George RR Martin did a lengthy web chat with Empire magazine and it’s a feast for fans of the book and TV show alike. There are a few spoilers here and there, but they are oh-so carefully labeled. As a fan of Martin’s writing and world building, I found his answer on how he creates such a rich tapestry intriguing. He doesn’t forget the little people:
Sometimes when I create a new character, even a very minor character, I have all these ideas about them, and it’s almost as if I could write a whole story about them. Even a character that comes in for a short scene, I want him to be as fleshed as he can be, a real human being, even if it’s just one character. We’re all the hero of our own story. So you might have a scene where two lords are drinking a cup of wine and a servant comes in to pour the wine, and it may be that all our attention is on the lord, but the serving man is a person too, and from his point-of-view the story is, “How long will these guys be talking? My feet hurt. I’m worried about my daughter; is she fooling around with the stable boy?” I may not put that in, but sometimes all it takes is a single word or a single line for a minor character, and suddenly he emerges as a real person before fading back into the background.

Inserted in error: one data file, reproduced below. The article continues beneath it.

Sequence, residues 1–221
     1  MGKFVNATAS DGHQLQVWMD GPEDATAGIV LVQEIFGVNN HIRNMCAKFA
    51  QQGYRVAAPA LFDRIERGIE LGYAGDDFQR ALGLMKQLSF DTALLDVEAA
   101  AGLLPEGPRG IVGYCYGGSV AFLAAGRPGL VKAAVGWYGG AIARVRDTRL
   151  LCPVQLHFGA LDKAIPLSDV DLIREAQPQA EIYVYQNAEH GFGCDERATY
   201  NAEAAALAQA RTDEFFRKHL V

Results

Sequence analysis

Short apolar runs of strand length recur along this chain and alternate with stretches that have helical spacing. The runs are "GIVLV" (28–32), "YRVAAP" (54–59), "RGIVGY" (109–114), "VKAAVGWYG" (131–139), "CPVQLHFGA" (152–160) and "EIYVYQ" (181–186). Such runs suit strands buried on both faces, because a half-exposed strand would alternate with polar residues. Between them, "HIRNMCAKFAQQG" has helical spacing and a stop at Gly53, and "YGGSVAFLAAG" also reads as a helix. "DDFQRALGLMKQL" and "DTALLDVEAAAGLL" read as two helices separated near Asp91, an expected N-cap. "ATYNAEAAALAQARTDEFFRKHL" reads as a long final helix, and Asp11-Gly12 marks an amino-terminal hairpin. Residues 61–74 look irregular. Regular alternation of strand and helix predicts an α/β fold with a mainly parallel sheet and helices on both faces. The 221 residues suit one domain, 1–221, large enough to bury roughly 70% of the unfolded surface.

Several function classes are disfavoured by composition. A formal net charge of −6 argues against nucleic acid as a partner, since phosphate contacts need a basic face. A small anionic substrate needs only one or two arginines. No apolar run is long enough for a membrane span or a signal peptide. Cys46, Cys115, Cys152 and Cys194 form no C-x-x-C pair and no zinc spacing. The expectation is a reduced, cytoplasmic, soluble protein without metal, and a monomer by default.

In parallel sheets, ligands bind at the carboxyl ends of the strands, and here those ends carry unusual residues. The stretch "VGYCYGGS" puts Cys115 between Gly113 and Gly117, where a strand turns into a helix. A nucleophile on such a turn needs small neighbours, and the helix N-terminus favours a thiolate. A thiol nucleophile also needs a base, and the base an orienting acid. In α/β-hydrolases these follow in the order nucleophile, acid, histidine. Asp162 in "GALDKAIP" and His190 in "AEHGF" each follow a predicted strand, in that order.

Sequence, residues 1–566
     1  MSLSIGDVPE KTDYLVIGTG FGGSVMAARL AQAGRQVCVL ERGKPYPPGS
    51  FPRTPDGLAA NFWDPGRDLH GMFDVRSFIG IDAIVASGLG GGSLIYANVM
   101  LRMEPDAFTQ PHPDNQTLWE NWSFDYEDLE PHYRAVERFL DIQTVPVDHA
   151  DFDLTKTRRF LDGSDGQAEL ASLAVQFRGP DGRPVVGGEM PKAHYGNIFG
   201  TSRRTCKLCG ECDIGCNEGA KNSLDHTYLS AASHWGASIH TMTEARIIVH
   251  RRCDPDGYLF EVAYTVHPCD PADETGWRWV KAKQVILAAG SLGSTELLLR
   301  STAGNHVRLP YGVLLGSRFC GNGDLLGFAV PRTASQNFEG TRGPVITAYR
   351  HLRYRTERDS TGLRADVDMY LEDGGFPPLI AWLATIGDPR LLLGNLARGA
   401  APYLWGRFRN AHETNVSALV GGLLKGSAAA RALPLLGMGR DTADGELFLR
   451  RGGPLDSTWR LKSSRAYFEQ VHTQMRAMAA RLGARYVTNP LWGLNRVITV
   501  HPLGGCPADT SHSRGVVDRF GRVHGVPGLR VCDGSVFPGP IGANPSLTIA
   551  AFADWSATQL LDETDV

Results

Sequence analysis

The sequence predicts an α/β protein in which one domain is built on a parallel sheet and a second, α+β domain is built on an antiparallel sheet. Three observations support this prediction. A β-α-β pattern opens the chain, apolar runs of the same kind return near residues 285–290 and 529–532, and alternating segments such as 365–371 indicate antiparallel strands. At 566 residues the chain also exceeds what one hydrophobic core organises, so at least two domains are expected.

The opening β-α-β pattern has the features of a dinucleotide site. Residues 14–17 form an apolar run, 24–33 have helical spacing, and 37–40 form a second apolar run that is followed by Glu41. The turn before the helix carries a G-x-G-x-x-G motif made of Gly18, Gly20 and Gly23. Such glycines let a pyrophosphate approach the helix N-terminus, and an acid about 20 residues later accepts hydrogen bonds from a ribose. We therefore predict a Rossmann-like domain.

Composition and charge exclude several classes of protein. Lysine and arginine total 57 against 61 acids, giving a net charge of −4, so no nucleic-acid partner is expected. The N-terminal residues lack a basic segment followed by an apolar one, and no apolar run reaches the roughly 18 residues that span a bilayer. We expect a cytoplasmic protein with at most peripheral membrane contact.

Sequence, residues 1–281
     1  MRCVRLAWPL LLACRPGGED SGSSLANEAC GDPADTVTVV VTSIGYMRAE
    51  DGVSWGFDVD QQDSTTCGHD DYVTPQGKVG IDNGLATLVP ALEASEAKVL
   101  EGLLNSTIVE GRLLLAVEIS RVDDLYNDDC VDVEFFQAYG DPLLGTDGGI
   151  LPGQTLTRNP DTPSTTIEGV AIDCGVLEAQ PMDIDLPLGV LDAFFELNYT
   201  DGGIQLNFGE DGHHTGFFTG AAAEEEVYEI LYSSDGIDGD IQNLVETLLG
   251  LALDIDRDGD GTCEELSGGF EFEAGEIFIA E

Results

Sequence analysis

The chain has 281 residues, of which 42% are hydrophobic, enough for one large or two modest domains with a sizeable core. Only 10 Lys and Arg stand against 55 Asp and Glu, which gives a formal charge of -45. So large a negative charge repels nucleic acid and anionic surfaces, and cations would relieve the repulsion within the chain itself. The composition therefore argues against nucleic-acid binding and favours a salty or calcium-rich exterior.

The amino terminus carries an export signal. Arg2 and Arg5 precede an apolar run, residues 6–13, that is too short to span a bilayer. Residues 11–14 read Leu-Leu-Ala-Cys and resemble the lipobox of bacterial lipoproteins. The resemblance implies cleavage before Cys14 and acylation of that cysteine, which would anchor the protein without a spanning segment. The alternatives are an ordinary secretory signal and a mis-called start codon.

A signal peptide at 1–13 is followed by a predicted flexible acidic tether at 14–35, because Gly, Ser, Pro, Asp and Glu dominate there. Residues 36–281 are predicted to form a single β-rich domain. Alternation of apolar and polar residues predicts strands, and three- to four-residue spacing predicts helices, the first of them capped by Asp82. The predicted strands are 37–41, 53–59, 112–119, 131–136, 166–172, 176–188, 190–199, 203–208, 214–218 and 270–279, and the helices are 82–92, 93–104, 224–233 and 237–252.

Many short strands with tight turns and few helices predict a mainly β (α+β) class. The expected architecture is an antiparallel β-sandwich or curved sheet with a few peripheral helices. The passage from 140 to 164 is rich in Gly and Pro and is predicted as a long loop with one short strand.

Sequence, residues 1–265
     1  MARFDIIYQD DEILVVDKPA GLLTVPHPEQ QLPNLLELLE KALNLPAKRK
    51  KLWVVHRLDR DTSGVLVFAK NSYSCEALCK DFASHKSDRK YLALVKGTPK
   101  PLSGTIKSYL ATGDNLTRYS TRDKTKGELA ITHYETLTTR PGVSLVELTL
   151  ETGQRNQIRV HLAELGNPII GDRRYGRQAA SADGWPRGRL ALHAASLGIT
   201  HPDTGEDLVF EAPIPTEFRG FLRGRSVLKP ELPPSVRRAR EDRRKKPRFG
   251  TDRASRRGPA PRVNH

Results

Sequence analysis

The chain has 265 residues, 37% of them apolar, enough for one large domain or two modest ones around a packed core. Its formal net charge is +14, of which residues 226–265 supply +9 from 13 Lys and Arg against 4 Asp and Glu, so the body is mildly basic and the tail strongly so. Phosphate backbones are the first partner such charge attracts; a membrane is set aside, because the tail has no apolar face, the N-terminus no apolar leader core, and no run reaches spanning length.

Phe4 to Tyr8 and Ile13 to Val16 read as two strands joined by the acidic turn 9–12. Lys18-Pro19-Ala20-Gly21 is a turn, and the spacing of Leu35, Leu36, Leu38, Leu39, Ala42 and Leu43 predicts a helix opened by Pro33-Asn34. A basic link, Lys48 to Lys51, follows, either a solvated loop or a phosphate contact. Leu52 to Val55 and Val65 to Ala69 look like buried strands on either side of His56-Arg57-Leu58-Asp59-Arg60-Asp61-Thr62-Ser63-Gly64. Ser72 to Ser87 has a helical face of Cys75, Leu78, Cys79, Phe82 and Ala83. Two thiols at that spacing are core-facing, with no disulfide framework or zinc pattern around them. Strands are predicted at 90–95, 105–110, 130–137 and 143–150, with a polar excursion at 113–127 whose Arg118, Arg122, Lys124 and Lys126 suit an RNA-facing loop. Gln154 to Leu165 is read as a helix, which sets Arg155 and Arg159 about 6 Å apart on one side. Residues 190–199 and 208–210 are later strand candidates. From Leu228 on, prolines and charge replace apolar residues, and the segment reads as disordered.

And as a bookseller who is always asked “what should I read after Game Of Thrones?” I was pleased to see Martin answer the question himself. His recommendation:
Jack Vance, The Dying Earth. It’s not a series in the same sense that mine is. it’s four books, largely made up of short stories, and share only a setting with each other, and a character in the case of the middle two; the wonderfully amoral and unscrupulous Kugel the Clever, whose schemes and plots always come back to bite him in the butt. But Vance is the great stylist of sci fi and fantasy, no one writes like him, and The Dying Earth is his finest work. With my friend, I edited a tribute anthology a couple of years ago, when writers wrote stories set in the world of The Dying Earth, including myself, Neil Gaiman, Melissa Shepherd, and on and on…
But, in the end, he addressed the question that burns in the heart of TV and book fans alike. WHEN WILL YOU BE DONE, GEORGE?! HOW MUCH LONGER? He simply sates he’ll be done when he’s done but he does give some details on what sort of length we can expect:
Two BIG books. 1500 manuscript pages each - that’s 3000 pages. I think I have a good shot. And you know, if I really get pressed, I’ve already established that red comet. I can just have it hit Westeros and wipe out all life.
As long as the red comet makes King’s Landing its epicenter, I’m okay with it.